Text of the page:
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What Do I Say in a Networking Conversation?


I get this question often: “What do I say in a networking conversation?” Many people know that networking is important to their career, however, they don’t know where to begin the conversation. As a matter of fact, studies show that 75% of jobs are gotten through networking. This stat alone should tell you just how important networking is. But networking makes the majority of people feel uncomfortable. So, despite the importance of networking, people aren’t doing enough of it because they don’t know how to start the conversation.


What if I told you that you don’t have to “say” anything? To be an effective networker, you shouldn't be the one doing the talking. Nor do you need to give your elevator pitch. Instead, a good networker listens. What makes a good listener? They ask questions. Then they truly listen to the answer and ask a follow up question and/or reflect what they’ve heard and express the way in which the information is of value to them.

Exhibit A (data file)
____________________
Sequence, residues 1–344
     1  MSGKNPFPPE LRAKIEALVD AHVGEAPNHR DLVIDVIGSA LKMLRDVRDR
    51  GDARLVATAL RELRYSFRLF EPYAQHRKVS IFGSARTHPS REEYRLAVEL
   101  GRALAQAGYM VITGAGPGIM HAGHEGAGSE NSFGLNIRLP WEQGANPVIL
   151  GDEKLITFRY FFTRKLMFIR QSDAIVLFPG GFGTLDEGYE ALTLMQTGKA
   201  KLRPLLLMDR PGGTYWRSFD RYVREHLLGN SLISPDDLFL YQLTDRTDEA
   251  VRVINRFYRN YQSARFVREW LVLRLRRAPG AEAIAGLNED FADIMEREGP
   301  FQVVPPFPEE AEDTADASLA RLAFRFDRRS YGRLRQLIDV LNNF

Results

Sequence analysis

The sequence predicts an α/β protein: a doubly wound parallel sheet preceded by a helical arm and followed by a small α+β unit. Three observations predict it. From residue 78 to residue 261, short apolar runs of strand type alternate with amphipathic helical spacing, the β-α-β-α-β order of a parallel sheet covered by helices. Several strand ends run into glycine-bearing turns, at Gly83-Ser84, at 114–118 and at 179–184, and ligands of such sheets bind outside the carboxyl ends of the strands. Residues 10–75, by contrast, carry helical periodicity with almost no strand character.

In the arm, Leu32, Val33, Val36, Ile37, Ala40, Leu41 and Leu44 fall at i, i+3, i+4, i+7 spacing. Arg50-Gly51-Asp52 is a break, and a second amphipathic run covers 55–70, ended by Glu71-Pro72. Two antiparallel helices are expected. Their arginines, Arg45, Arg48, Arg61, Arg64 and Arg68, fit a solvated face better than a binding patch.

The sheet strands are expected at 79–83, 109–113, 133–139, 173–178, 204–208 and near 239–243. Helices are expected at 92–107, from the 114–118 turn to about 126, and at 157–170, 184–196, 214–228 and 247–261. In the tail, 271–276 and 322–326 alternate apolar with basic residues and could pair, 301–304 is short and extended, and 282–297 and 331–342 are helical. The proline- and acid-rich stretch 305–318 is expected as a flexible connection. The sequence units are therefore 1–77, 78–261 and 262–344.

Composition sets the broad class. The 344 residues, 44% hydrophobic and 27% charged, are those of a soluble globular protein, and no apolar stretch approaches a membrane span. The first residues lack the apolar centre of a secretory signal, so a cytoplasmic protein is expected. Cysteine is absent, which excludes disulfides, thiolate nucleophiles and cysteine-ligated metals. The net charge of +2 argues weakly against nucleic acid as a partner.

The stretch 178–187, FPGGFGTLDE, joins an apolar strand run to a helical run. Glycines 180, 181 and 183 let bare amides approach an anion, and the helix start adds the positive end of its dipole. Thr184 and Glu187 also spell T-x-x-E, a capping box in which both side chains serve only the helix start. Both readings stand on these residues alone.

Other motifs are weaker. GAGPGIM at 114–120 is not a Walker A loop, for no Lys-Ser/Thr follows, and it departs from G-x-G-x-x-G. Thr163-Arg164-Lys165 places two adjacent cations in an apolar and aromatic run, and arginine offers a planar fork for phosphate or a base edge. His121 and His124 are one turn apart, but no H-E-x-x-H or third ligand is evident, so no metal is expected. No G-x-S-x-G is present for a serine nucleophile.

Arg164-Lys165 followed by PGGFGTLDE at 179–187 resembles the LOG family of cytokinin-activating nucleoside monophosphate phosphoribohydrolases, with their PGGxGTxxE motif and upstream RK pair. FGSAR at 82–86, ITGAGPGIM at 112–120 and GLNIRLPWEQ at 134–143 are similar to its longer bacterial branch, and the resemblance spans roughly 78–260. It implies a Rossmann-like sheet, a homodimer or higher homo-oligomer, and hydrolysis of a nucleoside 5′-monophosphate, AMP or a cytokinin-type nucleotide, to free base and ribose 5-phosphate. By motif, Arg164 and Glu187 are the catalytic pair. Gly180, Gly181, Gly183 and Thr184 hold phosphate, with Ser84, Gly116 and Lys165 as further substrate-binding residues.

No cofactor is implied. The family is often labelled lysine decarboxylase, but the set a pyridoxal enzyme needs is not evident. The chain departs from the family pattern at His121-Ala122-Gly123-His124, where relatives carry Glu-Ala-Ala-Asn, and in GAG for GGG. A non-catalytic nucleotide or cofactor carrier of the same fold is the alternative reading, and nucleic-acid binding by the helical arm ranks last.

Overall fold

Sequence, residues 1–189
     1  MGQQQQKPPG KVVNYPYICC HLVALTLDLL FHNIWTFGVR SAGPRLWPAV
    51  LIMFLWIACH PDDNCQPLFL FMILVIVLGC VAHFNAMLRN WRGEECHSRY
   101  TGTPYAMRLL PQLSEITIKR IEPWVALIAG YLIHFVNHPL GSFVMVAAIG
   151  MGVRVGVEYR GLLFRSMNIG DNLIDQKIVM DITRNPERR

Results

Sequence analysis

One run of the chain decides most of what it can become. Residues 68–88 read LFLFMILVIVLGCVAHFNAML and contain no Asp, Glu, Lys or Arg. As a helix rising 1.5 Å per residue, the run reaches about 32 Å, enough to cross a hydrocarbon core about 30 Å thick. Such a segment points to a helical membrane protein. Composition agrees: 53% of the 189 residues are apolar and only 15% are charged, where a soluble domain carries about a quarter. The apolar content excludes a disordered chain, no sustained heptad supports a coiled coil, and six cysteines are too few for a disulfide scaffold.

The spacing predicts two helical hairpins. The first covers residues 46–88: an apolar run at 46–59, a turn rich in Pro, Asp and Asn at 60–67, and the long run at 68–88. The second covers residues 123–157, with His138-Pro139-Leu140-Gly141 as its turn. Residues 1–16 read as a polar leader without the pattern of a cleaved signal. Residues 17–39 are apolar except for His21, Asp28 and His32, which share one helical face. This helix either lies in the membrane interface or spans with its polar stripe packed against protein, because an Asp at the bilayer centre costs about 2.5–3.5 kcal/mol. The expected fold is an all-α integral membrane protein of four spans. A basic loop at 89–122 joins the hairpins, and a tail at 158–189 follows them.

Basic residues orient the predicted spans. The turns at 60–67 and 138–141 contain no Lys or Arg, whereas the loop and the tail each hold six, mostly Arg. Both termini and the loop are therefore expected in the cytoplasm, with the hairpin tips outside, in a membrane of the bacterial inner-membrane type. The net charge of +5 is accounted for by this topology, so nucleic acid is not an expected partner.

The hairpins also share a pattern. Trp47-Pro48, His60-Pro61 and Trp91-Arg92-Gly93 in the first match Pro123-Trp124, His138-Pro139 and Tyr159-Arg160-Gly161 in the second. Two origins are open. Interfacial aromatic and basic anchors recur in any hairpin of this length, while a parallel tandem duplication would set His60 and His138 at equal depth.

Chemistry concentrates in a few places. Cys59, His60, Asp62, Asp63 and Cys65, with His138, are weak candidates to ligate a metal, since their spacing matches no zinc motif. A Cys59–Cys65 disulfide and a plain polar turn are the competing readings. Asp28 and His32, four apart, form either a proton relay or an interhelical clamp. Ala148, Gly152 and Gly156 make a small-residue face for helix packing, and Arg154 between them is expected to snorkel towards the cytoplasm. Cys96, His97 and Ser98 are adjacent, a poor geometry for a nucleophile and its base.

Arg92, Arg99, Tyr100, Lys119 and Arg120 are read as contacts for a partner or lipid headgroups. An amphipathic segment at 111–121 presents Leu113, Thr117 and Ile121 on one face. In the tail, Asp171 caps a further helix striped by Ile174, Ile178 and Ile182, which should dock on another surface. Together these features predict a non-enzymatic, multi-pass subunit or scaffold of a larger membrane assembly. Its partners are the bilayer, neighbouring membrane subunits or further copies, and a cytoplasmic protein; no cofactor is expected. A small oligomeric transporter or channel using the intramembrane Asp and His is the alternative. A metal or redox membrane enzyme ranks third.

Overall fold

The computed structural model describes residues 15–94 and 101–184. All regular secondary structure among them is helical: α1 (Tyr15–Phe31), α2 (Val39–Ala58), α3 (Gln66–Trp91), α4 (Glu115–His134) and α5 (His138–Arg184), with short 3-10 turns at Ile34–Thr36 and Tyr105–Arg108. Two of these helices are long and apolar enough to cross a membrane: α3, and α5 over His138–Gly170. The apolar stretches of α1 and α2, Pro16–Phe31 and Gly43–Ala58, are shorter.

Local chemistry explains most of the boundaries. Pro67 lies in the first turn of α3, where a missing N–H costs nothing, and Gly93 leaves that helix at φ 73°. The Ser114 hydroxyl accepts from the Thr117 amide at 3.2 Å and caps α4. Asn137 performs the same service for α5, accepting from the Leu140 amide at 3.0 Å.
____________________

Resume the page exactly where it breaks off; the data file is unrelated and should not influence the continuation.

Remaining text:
I suggest starting the networking conversation not by talking about yourself, but instead asking about them. Think about that. If you just met someone and they spent the first five minutes talking about themselves, how would that make you feel? Unimportant? Insignificant? Bored? Is that the impression you want to leave? Absolutely not.


Conversely, think about if you just met someone and they asked about you. For example, they asked:

  • “Tell me about yourself.”

  • “Your role sounds interesting. Can you tell me more about it?”

  • “What was your career journey to get you to this point?"

  • "What does it take to be successful in your role?"

How would that make you feel? Would you enjoy telling your story? And don’t tell me no because I know everyone loves talking about themselves. Maybe you are able to provide a story that can help the other person. Would that make you feel valuable? Absolutely.


The latter is a great way to start a relationship. And your goal in networking is to develop new, long-term, productive relationships. We all know you only get one chance to make a first impression. So, start off right by making it about the other person and really listening to their story. You’ll make a great impression, learn something of value and lay the foundation for a long-term productive relationship. These are all the things you need to create a network to manage your career.

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